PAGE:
“I remember thinking that the [Neverwinter editor] tool was pretty rigid, that it afforded designers little flexibility,” he continued. “I can’t count the number of times we had to resort to scripting unique events. Scripts in Neverwinter Nights were assigned to objects, so oftentimes we would place more complex bits of logic, for instance, in a torch hanging on the wall of a building inhabited by some specific NPCs.”
Improvised solutions like these let the team overcome their crude tools and lack of experience, and that’s why Kanik can’t call their effort a failure. But looking back from the vantage point of 2015, it’s hard for him not to wonder what The Witcher could have been if only they’d been a bit wiser.
“We made up for it with passion, commitment and plain hard work — and that’s why, in spite of everything, the game was a success,” Kanik said. “But if we ventured back in time with all we know and have now, we could avoid all those walls we crashed into head-on. We could avoid a multitude of problems, production-related and otherwise, and produce a game with far more polished features, and probably a far greater number of them.”
Despite its technical limitations, The Witcher’s themes and tone set it apart. The dirt and grime of that first game wasn’t in service of “gritty” realism or grimdark fantasy tropes, but a byproduct of the series’ relentless focus on ground-level, human-scale stories.
“Geralt makes a living by solving the problems of others,” explained Marcin Blacha, lead writer. “He travels from place to place, looking for opportunities to make money. That’s actually a very convenient excuse to tell stories about the everyday lives of the world’s inhabitants, be they kings, merchants, peasants or beggars.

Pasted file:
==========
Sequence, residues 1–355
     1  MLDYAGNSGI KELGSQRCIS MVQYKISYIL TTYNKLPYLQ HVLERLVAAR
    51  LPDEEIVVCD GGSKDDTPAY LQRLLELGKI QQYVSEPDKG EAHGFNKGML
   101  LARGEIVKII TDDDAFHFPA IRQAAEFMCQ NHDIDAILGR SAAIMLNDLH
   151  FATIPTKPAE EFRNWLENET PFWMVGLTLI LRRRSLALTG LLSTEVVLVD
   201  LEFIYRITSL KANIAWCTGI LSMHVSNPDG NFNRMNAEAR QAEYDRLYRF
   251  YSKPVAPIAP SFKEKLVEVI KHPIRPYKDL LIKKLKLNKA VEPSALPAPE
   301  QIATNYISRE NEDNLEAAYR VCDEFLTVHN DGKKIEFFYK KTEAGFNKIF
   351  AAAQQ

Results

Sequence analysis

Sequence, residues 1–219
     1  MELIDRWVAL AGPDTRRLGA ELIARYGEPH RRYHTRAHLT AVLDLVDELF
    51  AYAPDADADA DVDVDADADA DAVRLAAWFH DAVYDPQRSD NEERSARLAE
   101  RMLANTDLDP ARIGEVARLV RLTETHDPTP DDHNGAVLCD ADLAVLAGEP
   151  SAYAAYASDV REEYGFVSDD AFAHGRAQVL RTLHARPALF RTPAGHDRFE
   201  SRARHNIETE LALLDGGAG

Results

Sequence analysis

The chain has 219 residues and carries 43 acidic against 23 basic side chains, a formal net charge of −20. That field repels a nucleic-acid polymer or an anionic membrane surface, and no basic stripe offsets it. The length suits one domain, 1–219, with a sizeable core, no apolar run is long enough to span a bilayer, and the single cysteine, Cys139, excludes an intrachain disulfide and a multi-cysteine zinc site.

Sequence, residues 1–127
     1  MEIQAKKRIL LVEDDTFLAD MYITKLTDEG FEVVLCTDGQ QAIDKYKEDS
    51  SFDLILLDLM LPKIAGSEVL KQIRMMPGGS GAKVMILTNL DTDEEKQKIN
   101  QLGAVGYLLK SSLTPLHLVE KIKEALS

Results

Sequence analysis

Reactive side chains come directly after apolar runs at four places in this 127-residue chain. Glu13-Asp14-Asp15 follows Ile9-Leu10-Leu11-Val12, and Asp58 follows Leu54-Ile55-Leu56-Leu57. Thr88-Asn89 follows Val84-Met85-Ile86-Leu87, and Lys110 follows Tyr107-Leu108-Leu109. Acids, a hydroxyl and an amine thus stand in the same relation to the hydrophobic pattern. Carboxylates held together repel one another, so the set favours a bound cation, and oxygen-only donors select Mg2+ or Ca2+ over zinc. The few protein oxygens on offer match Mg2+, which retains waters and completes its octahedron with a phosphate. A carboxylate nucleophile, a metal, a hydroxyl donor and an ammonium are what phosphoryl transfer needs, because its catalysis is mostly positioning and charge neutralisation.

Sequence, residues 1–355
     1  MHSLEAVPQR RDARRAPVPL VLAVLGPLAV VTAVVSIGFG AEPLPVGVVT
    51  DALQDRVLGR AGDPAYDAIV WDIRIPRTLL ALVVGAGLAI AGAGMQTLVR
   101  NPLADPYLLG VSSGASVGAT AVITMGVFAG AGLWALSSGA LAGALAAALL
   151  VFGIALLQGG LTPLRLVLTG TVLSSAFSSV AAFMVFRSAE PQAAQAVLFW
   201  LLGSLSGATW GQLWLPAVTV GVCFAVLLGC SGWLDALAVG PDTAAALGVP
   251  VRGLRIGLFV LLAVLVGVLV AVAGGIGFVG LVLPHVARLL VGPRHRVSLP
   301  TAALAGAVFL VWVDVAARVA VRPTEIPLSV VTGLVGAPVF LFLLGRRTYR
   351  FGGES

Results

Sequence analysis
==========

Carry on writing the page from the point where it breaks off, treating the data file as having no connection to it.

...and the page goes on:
While the story that ultimately drives the last act of The Witcher is a typical “battle for the fate of the world”, most of the game is concerned with petty crimes and betrayals.
“The games about Geralt contend that evil has its source in people – in their lies and weaknesses that others can easily exploit,” Blacha continued. “Stories of this kind are far more suggestive than, say, a story about an invasion by evil demons. True, we use supernatural beings and forces in the games, but merely as metaphors. The Beast from the Outskirts is not scary just because it’s a dangerous monster. It’s also frightening because it’s an incarnation of misdeeds and sins we might witness or experience in our daily lives.”
The flip-side of that is The Witcher’s focus on friendships. Even if Geralt was routinely exploring the dark-side of human nature, and alternating between dour impassivity and ironic distance, he was warmed by the friends who surrounded him.
“To this day,” said Stępień, “I have fond memories of Old Friend of Mine, [a quest] which culminated with the get-together at Shani’s house. That’s a quest that I think really manages to capture the spirit of Sapkowski’s prose, a spirit that’s hard to capture in a computer game because it assumes an almost complete lack of action: no enemies — none of the challenges players are used to having in a quest. But we managed to produce something successful and had a good time doing it. I think I still have the uncut version of that quest somewhere, where there’s at least three times as much dialogue as you saw in that quest in the game.”